Kerberos, the Multi-headed Hound of Hades
The final and most trying labor, which took the hero straight to the heart of the underworld - a place to which no mortal was to descend, yet return. Indeed, its lack of practical value - a mere challenge to bring the fierce three- (or more) headed dog guarding the underworldly realm of Hades - reflect king Eurystheus' confidence of Herakles' failure. Needless to say, this didn't end up being the case, and our hero, guided by Athena and Hermes, wasted no time to perform some further good deeds in the process (e.g. free Theseus, feed the dead souls). As usual, it is not easy to find depictions of this showdown - one example is a colonial bronze from Hadrianopolis (Thrace) under Gordian, typically known from a single characteristic reverse die - with a confident looking Herakles nonchalantly approaching the beast - somewhat in contrast to the fierce grappling scenes common for the first labor against the Nemean lion (perhaps experience and confirence built uo over the course of a dozen labors). On the other hand, Kerberos himself - a mythological character with significance beyond just this story - does appear somewhat more frequently on coinage, with a varying number of heads.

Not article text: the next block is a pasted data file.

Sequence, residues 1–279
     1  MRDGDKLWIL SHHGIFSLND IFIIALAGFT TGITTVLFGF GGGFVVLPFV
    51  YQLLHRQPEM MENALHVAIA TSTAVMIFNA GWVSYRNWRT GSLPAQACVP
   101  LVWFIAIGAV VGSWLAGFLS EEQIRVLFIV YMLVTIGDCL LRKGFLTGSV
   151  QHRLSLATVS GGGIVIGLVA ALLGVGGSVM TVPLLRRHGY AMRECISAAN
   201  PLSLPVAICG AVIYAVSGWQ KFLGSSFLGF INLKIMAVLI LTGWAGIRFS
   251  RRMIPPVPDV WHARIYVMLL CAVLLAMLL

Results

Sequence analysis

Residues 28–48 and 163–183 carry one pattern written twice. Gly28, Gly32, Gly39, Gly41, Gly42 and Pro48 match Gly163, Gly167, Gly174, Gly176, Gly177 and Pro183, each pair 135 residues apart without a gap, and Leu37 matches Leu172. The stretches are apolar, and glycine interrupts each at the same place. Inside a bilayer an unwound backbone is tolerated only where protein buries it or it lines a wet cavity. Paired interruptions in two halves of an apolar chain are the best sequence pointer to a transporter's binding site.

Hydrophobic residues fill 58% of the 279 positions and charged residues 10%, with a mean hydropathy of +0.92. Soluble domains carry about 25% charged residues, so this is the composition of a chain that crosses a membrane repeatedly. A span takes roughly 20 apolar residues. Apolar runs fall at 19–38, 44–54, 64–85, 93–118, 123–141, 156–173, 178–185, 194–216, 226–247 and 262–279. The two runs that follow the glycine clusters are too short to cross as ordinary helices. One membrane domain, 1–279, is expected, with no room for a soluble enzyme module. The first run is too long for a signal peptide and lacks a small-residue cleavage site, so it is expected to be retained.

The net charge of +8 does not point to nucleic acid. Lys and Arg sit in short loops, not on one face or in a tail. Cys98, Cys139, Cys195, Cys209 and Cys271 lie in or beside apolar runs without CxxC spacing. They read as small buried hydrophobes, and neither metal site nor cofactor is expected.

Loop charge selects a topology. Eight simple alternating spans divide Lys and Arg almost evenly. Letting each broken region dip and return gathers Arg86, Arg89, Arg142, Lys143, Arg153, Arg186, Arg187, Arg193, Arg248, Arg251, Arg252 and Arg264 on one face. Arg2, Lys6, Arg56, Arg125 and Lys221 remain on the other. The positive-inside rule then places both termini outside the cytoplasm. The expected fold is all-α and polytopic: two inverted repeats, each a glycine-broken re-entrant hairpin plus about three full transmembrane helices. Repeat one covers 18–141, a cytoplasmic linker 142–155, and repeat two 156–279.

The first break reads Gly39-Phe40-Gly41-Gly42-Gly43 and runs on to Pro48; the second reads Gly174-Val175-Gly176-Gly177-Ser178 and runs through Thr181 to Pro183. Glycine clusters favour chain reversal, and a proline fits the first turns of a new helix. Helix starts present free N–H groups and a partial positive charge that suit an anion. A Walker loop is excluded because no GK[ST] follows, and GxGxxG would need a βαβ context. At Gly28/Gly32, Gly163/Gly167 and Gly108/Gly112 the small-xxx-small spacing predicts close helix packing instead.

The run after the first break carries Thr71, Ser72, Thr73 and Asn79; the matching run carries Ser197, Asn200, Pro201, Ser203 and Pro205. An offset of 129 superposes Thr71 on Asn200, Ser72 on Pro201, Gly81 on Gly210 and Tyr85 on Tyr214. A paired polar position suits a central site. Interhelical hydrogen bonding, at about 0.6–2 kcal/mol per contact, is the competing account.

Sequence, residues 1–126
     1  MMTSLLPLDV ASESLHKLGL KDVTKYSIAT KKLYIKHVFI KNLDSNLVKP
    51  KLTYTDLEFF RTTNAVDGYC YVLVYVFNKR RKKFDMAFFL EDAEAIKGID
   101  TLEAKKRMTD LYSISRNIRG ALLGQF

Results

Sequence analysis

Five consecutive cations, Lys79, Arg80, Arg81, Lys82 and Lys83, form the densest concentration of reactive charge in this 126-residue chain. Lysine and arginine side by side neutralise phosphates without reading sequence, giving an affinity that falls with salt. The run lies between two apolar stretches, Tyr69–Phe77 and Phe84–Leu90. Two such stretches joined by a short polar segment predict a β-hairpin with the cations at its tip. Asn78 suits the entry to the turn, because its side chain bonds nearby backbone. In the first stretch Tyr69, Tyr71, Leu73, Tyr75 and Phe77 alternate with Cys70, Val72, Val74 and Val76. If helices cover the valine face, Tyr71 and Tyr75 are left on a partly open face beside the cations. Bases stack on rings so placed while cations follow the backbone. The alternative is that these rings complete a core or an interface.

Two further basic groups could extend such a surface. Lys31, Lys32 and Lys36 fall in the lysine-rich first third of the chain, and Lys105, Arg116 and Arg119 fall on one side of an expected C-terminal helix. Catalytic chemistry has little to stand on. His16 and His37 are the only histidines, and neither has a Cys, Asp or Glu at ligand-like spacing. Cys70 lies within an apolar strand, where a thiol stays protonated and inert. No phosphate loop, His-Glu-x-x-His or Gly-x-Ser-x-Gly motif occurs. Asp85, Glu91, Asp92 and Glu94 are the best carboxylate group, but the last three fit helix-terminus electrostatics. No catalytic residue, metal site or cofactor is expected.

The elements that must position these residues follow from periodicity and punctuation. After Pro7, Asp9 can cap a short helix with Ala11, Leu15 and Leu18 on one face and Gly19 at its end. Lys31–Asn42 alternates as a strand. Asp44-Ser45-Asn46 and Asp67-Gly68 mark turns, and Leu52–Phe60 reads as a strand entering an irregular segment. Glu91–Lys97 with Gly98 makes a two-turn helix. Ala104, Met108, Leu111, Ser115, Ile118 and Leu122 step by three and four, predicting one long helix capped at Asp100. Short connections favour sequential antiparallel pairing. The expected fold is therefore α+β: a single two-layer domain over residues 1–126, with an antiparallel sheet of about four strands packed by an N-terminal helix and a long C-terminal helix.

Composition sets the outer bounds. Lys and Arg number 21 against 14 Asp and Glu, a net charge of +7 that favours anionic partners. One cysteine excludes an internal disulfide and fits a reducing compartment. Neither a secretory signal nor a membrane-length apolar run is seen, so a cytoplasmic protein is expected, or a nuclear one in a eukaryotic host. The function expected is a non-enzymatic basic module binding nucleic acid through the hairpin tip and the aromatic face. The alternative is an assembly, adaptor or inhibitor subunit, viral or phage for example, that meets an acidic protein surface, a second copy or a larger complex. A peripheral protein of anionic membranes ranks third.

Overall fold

Search for coins depicting Kerberos.